This is possible only if
- Production systems have been suitably designed (“first process maturity, then Industry 4.0”) and
- IT experts understand the complexity of the manufacturing systems and can offer appropriate advice (“combine manufacturing & IT expertise”).
Bosch plants that are already far advanced on the Bosch Production System (BPS) road carry out the Value Stream Mapping (VSM) and Value Stream Design (VSD) methods every three months in order to continuously analyze the actual condition of their systems and systematically exploit their improvement potential. Doing so is the best way to integrate the continuous further development offered by Industry 4.0 initiatives in a targeted way.
Value stream thinking as common denominator
It is essential that the Industry 4.0 software engineers – like the manufacturing engineers – think along the entire value stream end to end from suppliers to customers. Only in this way can they discuss the use of Industry 4.0 solutions with the manufacturing experts in a targeted manner and come up with productive solutions.
Specifically, this can mean offering optimized software for smartphones in order to support production planning and quality management experts during gemba walks and provide them with the relevant KPIs.
Value stream mapping for Industry 4.0 too
For the success of Industry 4.0 projects, it is essential to engage at exactly the right points – the ones that will deliver the greatest impact. To this end, our consulting is based on VSM and VSD. We use them specifically in getting-started workshops in order to evaluate where Industry 4.0 projects are most effective and deliver the greatest benefit.
In this system, CIP flashes are hotspots that point to problems in the value stream. They are first removed systematically, a process that can be supported by software. They are identified jointly by the production planners and IT experts using VSM. In the VSM example below, these hotspots include supplier fluctuation, high downtime, high cycle time, etc.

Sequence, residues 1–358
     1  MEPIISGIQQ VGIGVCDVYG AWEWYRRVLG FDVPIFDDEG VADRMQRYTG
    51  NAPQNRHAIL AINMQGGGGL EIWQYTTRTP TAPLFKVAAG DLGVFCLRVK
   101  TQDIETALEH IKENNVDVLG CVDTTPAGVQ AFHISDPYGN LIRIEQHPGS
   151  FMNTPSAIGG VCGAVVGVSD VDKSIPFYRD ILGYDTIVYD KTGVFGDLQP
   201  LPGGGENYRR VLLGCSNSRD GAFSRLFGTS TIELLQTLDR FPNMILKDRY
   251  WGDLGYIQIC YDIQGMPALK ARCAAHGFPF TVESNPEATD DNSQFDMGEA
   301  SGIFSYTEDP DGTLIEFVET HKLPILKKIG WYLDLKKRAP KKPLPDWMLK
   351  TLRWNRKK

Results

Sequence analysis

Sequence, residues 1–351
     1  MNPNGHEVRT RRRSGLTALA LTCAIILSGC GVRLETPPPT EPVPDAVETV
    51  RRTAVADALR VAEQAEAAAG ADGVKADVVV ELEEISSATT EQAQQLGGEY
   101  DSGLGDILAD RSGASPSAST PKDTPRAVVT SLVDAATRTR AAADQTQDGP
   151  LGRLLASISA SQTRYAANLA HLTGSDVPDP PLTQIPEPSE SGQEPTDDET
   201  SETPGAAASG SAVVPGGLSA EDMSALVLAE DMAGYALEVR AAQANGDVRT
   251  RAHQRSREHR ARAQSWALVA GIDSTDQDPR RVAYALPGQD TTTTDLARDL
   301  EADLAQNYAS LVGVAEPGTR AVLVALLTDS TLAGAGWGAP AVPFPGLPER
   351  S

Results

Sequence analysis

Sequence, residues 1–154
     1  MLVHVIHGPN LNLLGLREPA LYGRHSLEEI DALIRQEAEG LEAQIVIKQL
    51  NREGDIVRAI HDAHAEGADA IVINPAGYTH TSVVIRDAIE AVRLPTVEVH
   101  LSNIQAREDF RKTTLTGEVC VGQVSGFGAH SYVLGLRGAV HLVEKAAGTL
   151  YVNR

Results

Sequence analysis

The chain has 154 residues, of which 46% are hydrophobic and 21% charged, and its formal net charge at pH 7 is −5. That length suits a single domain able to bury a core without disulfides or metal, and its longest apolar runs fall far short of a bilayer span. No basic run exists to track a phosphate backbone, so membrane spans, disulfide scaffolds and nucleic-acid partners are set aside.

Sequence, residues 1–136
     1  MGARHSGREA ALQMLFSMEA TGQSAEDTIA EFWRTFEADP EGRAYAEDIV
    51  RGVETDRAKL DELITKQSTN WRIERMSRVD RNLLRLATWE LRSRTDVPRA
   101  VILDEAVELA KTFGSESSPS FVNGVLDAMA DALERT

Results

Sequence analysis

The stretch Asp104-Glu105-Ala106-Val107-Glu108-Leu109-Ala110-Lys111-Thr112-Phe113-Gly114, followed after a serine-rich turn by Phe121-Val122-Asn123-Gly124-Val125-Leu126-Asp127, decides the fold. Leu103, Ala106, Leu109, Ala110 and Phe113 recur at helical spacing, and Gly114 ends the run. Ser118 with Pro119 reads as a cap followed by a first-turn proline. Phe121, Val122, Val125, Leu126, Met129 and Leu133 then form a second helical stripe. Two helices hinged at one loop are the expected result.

A typical first step is to evaluate the data collected in these production steps and then visualize it to facilitate monitoring.
In many of our projects, the customer then asks us to set up the continuous software-based monitoring of process and quality data using data analytics and visualization, at least at the hotspots. As a further step, automatically derived actions can also be triggered if appropriate – with the expert at the production site in the lead, of course.
Software can provide the essential support for identifying causes and evaluate large volumes of data using data analytics algorithms (root-cause analysis)
The VSD example derived from the VSM shows the support provided at CIP flashes as jointly defined by the manufacturing and IT experts, most of which is already facilitated by software:
- Supplier fluctuation: setting up an intelligent dynamic supermarket as a buffer.
- High downtime: implementing an early warning system with fast escalation and quick troubleshooting mechanisms.
- High cycle time: monitoring of cycle time implemented, including benchmarking.
- High C/O: building up a buffer stock in order to reduce waiting during changeover.
- High failure rate: switch to intelligent adaptive testing.
- High customer fluctuation: software to manage dynamic supermarket as a buffer.
- Long lead time: software-based kanban helps reduce lead time.
These solutions are then ready for targeted implementation as part of the CIP system rounds – with a view to gradually developing the manufacturing facilities to become ready for Industry 4.0 .
What experience do you have implementing Value Stream Mapping and Design in the context of Industry 4.0 initiatives?
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